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Brooklyn, New York.
Aug 1, 2017 5:43 AM CST
|Hi fellow gardeners,
I have had my beautiful, fiddle-leaf fig tree for two years now, and she was green, healthy, and growing----until suddenly this month, she started dropping leaves, day by day. The tree is absolutely green and growing---no black spots, yellowing, or brown on any of the leaves (in fact new leaves are still sprouting), and the majority of the falling leaves also look completely healthy (there were about 2 or 3 that were slightly brown, but most are completely green). Her watering schedule (once a week, and I always touch the soil to check if its dry), and her location (at an angle from my living room window, which gets a lot of light) has not changed in all the time I have had her. I just don't understand why this is happening. It can't be overwatering, right? I have also been giving her a little bit of fertilizer in the spring and summer, once every two weeks, as was recommended by the gardener who sold me the plant. Is something wrong with the soil?
Please advise! I'm so worried. Thank you for the collective wisdom. I've attached 4 pics, 2 of fallen leaves, and 2 of my tree so you can see location and general health.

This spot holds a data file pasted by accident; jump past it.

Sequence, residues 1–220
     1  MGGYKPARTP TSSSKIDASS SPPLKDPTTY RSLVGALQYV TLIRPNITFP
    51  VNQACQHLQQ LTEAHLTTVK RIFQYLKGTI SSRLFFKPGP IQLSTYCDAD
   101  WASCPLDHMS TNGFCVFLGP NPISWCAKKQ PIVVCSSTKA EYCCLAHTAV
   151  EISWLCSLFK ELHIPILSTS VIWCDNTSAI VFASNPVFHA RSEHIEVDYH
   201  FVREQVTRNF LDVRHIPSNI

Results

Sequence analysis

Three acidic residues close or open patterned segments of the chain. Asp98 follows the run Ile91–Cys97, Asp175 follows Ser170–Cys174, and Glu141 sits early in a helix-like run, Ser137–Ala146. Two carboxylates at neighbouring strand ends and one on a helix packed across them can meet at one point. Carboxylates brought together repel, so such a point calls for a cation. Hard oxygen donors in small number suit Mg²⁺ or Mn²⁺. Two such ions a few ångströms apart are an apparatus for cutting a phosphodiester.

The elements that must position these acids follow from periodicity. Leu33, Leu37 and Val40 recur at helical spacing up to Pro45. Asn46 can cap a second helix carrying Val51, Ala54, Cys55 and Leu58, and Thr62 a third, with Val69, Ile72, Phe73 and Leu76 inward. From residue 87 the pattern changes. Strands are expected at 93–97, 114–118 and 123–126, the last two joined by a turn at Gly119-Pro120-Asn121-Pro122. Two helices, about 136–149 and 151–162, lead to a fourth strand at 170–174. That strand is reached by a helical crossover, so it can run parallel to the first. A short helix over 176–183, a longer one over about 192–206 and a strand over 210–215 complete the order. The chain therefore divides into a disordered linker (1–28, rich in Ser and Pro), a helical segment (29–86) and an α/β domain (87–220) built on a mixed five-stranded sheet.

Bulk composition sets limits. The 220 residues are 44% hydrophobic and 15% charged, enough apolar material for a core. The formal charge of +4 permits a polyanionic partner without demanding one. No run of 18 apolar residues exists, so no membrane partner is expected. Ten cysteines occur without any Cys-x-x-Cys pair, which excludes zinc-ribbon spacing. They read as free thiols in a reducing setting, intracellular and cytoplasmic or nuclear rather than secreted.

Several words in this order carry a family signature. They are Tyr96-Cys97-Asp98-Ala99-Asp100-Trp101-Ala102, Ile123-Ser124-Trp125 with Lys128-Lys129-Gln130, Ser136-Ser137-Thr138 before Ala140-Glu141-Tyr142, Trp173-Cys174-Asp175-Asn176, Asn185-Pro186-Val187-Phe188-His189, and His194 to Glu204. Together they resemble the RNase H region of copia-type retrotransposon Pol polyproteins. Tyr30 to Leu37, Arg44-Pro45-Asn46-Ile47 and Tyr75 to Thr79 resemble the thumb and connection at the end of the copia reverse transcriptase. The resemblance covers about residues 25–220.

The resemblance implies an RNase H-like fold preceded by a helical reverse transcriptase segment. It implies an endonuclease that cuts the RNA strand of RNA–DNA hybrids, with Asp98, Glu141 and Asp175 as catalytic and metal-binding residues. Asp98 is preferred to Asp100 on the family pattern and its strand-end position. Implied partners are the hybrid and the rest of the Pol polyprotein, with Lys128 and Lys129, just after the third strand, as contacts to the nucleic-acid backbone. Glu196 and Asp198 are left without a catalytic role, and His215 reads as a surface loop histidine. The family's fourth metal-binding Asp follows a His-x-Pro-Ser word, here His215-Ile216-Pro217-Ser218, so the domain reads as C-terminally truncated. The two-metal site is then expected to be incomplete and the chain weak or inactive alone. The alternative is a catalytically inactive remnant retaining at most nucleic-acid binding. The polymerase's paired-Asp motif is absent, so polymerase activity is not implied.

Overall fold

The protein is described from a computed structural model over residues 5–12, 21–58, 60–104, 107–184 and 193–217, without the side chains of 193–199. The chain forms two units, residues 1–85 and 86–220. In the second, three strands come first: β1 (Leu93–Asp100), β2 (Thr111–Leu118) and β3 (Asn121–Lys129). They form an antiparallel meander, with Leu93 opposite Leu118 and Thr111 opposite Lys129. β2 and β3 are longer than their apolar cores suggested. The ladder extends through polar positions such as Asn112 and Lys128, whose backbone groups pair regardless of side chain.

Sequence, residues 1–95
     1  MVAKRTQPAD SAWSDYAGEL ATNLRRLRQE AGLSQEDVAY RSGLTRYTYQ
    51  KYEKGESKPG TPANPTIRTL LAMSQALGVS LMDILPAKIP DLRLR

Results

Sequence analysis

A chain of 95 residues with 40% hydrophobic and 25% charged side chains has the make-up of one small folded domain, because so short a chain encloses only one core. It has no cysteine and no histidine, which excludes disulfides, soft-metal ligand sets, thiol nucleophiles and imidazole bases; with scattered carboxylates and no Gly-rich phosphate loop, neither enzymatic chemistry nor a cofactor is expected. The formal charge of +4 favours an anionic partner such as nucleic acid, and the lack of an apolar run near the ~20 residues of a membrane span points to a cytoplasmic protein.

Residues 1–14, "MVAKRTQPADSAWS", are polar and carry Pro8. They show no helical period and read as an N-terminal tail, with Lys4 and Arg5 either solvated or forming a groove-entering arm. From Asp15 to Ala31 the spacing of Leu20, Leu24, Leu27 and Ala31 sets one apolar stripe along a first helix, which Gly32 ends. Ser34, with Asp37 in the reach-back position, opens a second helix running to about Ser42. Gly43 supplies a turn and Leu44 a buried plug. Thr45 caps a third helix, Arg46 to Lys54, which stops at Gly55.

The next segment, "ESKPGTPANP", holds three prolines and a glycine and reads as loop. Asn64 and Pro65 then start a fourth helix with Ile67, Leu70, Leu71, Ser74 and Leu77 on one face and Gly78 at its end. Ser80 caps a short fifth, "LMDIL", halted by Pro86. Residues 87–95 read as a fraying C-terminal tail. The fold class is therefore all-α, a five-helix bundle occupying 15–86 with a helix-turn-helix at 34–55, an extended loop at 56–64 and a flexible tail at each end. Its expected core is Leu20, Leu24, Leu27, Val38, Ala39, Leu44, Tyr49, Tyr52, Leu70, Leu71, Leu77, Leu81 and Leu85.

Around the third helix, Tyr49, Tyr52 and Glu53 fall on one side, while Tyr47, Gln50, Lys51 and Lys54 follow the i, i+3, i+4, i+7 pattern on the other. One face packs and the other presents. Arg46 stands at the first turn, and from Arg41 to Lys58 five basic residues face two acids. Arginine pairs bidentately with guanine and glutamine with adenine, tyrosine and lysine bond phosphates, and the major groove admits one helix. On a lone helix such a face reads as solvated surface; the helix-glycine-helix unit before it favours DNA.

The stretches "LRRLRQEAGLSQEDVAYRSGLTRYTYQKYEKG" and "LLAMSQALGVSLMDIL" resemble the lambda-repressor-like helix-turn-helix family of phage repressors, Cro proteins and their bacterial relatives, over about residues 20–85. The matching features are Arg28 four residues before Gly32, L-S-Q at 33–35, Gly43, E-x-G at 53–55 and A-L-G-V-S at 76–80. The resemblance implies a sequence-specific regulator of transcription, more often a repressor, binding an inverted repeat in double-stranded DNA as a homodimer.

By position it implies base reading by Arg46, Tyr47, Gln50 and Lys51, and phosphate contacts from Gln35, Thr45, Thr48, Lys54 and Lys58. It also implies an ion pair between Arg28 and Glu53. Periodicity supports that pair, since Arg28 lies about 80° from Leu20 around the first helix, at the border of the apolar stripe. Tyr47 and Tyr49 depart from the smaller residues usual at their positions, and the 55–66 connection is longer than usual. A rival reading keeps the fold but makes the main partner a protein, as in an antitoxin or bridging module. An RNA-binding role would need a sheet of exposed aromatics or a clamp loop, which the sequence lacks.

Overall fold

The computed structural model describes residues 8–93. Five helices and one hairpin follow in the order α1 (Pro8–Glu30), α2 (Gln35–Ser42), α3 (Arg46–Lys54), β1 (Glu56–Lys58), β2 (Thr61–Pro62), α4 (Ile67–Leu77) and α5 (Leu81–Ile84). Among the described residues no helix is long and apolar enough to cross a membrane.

Name: Will Creed
Professional indoor plant consultan
Aug 5, 2017 7:47 AM CST
|I suspect that your Fiddle-leafed Fig has maxed out the number of leaves it can support in that light you have available. Outside or in a green house, it would get much more light from all sides and could support more leaves. Yours will continue to put out healthy new growth at the top ends of each stem, but it will also continue to lose a comparable number of older, lower leaves.
You have two options. One is to pinch out new leaf growth as it emerges. This will not harm the plant and it will maintain the status quo. The other option is to prune back any stem that you feel is too long. Usually, new growth will then emerge on the stem just below where you prune it back to.
Of course, if you improve the light somewhat by moving the tree right in the center of the window, that will allow it to support more leaves - up to a point. Rotating the pot will ensure equal light to all sides of the plant. In any case, eventually, you will have to control future growth by pruning or pinching. Otherwise, it will be up against the ceiling.
Your watering seems to be about right, but I usually water a soon as the surface of the soil is just barely damp, not completely dry.
Contact me directly if you have further questions.
Horticultural Help, NYC
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